var confirmationUrl = AppState["siteURL"] 
+ "ConfirmAccount?confirmation="
+ HttpUtility.UrlEncode(confirmationToken);

It might occur to you that you could also store the name of the confirmation page (here, ConfirmAccount) in the AppState object in _AppStart.cshtml. You bet — anything that a) you use in more than one place and/or that b) might not be the same in every site. In fact, in _AppStart.cshtml you might go to this extreme:

// Other stuff here ...

AppState["siteURL"] = "http://www.mikepope.com/TestMembership/";
AppState["confirmationPageName"] = "ConfirmAccount";
AppState["confirmationQueryStringVariableName"] = "confirmation";

Then in page code, you could to this:

var confirmationUrl = AppState["siteURL"].ToString() 
+ AppState["confirmationPageName"].ToString()
+ "?"
+ AppState["confirmationQueryStringVariableName"].ToString()
+ "="
+ HttpUtility.UrlEncode(confirmationToken);

This results in confirmationUrl having the following value (the actual confirmation value would differ each time, of course):


(All those ToString methods, btw, are because data in the AppState object is typed as Object, and you can't concatenate objects to objects; ASP.NET cannot deduce in this case that you are working only with strings.)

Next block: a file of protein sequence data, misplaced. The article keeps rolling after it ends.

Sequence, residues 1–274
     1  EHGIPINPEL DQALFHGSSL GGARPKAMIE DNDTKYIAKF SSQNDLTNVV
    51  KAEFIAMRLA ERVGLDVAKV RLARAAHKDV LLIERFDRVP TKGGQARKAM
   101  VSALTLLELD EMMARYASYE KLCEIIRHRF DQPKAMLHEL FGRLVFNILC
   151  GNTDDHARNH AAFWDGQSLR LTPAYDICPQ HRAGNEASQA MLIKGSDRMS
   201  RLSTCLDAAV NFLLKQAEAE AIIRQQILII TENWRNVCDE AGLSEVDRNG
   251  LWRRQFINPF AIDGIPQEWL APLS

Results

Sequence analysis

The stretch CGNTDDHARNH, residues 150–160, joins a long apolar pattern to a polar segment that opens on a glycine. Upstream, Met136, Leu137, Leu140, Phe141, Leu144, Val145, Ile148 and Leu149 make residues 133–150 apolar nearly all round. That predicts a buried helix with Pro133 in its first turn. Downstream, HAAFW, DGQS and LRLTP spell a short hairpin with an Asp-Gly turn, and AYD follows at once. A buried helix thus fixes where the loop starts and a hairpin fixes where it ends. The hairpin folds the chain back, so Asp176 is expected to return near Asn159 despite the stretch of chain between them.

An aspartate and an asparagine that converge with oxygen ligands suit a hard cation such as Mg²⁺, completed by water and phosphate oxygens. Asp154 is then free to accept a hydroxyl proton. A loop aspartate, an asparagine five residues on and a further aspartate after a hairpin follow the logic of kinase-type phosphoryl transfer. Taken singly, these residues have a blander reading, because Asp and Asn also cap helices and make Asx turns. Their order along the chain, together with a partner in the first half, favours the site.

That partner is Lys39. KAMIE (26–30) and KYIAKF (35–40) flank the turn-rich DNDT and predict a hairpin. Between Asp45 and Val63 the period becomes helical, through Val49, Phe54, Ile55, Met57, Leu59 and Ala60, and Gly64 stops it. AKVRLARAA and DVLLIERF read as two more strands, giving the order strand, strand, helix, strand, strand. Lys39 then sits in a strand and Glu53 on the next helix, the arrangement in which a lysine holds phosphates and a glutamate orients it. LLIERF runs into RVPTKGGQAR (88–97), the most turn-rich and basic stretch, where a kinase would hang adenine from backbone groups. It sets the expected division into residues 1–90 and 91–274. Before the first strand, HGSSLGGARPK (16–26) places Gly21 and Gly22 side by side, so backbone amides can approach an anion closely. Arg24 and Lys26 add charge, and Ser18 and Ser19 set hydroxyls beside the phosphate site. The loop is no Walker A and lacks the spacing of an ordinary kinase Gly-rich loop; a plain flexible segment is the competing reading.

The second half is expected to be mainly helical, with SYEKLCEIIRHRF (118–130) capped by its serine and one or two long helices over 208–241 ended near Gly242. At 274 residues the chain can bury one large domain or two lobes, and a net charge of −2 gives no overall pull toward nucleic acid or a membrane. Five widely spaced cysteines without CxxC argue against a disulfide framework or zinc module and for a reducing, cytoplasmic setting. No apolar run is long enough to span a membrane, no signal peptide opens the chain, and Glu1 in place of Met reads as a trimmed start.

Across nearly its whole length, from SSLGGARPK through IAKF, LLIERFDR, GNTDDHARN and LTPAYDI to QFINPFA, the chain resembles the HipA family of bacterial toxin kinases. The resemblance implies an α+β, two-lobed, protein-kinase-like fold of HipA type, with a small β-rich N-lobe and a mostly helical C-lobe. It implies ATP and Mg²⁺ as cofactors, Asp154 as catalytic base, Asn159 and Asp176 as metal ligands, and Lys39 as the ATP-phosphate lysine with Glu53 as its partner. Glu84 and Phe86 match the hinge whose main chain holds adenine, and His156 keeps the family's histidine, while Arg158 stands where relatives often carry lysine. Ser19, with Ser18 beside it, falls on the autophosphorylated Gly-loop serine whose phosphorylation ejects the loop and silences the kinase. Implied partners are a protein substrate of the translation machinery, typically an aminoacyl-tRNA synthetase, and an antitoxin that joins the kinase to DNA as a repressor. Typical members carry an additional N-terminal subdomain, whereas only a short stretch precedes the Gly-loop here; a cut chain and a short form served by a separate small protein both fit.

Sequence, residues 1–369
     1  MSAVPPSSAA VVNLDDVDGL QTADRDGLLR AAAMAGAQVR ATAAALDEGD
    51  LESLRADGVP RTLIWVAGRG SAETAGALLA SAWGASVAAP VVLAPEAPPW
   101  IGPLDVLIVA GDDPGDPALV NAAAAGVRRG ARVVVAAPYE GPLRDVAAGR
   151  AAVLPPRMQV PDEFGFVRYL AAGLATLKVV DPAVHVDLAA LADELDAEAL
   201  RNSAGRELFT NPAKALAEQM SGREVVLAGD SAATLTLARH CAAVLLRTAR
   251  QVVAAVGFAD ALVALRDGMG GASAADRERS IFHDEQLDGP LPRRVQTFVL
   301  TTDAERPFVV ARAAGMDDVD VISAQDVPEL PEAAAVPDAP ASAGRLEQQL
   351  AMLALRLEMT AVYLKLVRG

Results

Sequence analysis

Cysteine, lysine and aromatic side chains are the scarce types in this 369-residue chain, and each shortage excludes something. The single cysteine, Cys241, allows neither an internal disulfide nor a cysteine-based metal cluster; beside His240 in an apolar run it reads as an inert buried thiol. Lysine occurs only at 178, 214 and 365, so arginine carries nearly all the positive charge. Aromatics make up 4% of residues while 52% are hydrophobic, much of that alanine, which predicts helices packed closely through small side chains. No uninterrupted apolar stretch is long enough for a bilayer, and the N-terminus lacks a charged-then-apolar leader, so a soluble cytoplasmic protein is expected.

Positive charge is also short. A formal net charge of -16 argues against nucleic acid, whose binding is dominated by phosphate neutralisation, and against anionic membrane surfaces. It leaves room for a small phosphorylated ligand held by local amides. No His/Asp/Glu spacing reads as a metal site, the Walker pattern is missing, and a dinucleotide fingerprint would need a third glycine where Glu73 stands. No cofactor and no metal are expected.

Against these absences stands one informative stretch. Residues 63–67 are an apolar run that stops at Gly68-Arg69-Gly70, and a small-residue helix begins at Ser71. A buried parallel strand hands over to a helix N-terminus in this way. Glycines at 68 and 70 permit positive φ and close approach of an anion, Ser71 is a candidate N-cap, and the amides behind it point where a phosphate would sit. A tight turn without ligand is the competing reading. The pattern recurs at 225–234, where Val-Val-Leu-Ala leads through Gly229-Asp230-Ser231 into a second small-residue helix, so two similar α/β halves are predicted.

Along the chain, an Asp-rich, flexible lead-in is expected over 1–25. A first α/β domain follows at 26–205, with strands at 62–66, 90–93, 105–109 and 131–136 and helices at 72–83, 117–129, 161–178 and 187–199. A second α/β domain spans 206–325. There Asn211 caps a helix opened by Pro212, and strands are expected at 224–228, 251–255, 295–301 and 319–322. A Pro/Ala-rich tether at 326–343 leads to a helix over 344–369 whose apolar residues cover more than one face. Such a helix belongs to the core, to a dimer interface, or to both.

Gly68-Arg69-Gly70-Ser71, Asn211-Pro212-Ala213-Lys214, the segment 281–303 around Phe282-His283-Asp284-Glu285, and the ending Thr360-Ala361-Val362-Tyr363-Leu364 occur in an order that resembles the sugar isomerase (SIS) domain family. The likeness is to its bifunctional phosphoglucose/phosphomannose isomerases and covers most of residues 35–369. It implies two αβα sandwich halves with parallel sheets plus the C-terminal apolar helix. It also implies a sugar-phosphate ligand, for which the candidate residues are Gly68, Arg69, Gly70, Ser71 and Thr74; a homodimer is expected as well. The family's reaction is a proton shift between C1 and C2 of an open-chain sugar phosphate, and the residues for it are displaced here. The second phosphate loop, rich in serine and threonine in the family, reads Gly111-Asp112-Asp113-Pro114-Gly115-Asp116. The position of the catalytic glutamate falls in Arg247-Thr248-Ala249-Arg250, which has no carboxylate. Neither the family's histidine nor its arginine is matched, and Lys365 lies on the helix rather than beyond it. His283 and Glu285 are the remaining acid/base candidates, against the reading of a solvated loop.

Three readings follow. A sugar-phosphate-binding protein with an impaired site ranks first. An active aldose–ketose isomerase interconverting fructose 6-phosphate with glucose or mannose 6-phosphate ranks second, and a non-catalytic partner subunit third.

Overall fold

Anyway, you get the idea. How fine-grained you want to get in storing the component pieces would be up to you, depending on what you need. For example, would you ever need to translate the term "ConfirmAccount" for your users? Easy to do if it's specified in just the one place in your site. Etc.

I should note for the sake of completeness that in ASP.NET sites of yore — that is, before Web Pages/Razor — the way to do this was to create an application setting in the Web.config file. That's just as possible as ever, but there's been a de-emphasis on using the Web.config file in latter days. If you're interested, tho, have a look at ConfigurationManager.AppSettings Property.

Getting the site information dynamically

An alternative is to get the site's URL in code. The Request object has a property named Url that gets the current page's URL. The Url property is of type Uri, a class that has many, many ways to slice and dice URLs. In fact, it has so many that it's not necessarily obvious how to just get the current site's URL. A couple of examples just to give you a flavor (here, the = sign means "returns as an example"):